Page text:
11. While I am a firm believer in celebrating love everyday, I have to work late today, so my boyfriend and I celebrated Valentine's yesterday with a Hibachi dinner outing and will conclude the day today with chocolate fondue, strawberries, and some of my homemade vanilla sponge cake. Any holiday that involves the consumption of chocolate is great by my standards; I would still celebrate Valentine's Day in this manner even if I was single. Yummy!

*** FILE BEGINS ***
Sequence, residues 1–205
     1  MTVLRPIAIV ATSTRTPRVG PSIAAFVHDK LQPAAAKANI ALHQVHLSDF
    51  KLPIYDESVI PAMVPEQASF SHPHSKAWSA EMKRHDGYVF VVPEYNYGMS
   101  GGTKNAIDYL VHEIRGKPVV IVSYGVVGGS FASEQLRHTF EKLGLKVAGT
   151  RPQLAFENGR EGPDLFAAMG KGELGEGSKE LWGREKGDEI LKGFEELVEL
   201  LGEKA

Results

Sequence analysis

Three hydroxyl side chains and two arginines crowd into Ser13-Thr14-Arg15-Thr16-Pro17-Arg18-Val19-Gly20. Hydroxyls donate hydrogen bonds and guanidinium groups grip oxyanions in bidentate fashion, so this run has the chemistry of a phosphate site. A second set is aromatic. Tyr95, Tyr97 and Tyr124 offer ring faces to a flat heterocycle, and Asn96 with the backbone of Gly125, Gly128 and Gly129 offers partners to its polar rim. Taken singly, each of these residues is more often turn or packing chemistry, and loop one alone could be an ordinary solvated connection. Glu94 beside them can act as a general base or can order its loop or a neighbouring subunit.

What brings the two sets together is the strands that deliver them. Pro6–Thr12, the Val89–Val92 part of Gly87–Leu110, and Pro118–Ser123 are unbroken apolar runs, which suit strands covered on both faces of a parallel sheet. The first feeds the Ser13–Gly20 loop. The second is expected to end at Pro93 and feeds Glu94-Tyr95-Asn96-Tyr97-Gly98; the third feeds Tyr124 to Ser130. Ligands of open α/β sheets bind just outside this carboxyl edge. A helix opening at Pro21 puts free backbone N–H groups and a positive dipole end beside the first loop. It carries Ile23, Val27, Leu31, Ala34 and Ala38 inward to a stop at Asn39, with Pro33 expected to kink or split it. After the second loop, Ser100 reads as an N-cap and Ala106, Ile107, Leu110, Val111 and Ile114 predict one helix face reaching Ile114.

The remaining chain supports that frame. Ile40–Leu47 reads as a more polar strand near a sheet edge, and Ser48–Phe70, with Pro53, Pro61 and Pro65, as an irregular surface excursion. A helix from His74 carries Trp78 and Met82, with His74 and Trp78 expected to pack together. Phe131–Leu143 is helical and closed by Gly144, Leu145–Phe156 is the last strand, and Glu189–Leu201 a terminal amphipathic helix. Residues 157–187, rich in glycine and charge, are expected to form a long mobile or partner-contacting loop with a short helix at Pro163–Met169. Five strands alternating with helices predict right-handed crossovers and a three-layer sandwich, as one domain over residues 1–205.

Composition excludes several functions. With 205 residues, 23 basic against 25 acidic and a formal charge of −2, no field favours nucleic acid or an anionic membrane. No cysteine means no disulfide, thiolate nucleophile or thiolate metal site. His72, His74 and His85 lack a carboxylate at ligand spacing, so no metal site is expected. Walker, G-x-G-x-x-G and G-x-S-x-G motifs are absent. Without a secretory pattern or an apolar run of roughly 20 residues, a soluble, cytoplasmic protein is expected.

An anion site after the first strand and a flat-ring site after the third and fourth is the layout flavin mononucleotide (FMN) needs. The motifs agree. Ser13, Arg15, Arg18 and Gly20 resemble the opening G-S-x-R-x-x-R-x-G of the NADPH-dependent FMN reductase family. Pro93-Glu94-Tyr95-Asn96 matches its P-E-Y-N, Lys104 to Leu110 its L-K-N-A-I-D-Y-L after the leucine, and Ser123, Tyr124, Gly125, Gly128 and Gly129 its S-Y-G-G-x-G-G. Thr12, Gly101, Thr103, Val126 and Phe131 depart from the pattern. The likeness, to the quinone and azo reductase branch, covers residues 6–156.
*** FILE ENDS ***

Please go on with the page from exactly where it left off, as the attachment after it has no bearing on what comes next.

12. Yuck. This sounds like something Ellsworth Toohey would write. It's one thing to devote yourself to what you do, and stirve to excel in it, but to subjugate one's self. Hey -We could use this to assuage slaves: don't ever contemplate disrespecting your master... just subjugate yourself to his authority. IT's a long standing tradition in human history, so it's ok. Do what you're told to do and do it well; not because you wnat to , but because you should. Don't you feel better now?
  13. Well, at least we can say they are consistant in thier pattern of making our Constitutional government more and more un-Constitutional. Ordinarily I would find predicatbility in government comforting, but not this time. Anybody have any idea when construction will be finished at Galt's Gulch?